2) Paul Pierce at his best is not an impact player: This blog was at times virulently anti-Pierce in 04/05, and this year we appropriately had to eat some humble pie when he turned in the best season of his career. Unfortunately, even with Pierce playing out of his mind, the Celtics still finished as the 7th worst team in the league, and there are few left (outside of Celticsblog loyalists) who believe it possible to build a championship contender with Pierce as its centerpiece. This is no diss on Pierce, really. The far more highly regarded Kevin Garnett and Allen Iverson didn’t make the playoffs either, but it does go to show the difficulty in building a team around a scoring swingman who doesn’t like to play defense and has no particular talent for making his teammates better. Pierce is a good rebounder and great at getting to the line, but he is a miserable ball handler and a playmaker of wildly vacillating acumen. The team will never improve until a rock solid PG is in place who can get the ball out of Pierce’s hands and ensure a consistent TEAM offense. Unfortunately, the team balked at the opportunity to pry the very serviceable Earl Watson from the Nuggets, most likely because they were more concerned with dumping Mark Blount’s contract and acquiring a marketable (ie: “white”) player in Wally Szczerbiak.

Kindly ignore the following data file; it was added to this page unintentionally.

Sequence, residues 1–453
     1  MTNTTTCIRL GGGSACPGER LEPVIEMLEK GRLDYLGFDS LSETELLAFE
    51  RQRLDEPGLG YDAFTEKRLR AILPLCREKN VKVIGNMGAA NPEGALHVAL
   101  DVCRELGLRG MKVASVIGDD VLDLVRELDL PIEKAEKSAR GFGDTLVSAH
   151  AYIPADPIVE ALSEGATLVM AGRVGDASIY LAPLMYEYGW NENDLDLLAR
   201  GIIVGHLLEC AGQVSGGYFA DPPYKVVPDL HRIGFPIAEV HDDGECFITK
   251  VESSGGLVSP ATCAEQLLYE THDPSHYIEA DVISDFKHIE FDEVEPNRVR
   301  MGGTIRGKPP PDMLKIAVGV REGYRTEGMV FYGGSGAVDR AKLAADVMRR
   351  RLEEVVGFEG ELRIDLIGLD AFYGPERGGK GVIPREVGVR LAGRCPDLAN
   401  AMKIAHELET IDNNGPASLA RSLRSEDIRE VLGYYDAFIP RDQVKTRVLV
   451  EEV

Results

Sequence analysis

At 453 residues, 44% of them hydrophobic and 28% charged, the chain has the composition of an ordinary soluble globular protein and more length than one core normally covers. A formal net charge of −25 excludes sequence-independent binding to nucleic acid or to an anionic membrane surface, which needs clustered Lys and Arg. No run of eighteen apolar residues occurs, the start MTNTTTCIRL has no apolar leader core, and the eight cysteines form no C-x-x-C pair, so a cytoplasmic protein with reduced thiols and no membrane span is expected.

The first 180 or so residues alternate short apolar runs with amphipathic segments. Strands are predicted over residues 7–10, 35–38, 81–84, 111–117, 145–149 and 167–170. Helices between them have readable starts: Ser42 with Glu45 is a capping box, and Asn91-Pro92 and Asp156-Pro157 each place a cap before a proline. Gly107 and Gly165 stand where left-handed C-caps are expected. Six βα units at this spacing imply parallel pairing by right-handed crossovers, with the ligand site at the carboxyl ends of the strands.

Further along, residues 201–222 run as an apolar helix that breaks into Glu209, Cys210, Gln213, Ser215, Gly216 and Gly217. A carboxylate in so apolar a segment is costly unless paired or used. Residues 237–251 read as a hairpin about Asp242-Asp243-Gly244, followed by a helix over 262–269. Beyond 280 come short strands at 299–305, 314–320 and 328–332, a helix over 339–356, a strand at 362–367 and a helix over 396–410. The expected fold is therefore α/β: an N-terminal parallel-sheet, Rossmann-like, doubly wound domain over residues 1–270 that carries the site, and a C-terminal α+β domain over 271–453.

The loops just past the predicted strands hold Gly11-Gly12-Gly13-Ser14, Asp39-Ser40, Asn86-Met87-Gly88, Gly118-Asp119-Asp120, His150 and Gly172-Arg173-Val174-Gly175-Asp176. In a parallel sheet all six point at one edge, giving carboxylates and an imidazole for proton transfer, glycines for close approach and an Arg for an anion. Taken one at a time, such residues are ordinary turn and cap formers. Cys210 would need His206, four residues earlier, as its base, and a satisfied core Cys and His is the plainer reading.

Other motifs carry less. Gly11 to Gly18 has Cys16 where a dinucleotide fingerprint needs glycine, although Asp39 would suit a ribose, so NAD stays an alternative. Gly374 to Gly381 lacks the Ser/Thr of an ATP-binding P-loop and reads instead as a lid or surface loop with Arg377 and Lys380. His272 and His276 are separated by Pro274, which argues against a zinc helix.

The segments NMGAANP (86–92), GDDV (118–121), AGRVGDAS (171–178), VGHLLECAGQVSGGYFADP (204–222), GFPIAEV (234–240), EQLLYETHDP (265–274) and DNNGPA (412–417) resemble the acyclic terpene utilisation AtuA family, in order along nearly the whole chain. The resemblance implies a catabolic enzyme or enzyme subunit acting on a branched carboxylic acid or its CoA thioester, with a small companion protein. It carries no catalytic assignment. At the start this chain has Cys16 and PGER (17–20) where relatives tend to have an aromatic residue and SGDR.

3) Our “Young Talent” is not all that talented: Even putting aside the ghastly backward steps taken by Tony Allen and Al Jefferson, this season brought with it the recognition that our “young core” consists primarily of a bunch of guys who will at best someday be good NBA role players. Outside of the unformed Gerald Green, none of these players look to be an all-star type talent, and with the exception of Kendrick Perkins, none seem to have any kind of great untapped potential. Delonte West proved most definitively that he is a very nice player and a cool/funny guy and NOT a starting NBA point guard. Ryan Gomes turned out to be a great story about a 4-year college player who sneaks into the NBA and remains too undersized at his natural position to provide anything resembling consistent production. Orien Greene was an early tease who fizzled into oblivion once he stopped worrying about losing minutes to Marcus Banks. And then we have the dregs – Tony Allen is still a spastic, out-of-control dimwit who can’t shoot and hogs the ball. Al Jefferson seems to be at best a 15/6 semi-star, at worst a mentally feeble man-child who will spend his career battling ankle injuries and his own lethargy.

In short, we have big fucking problems.

Next Week - More slicing and dicing of Wyc Grousbeck! Discussing The Few Things That Went Right! And………….. Hamcock of the YEAR!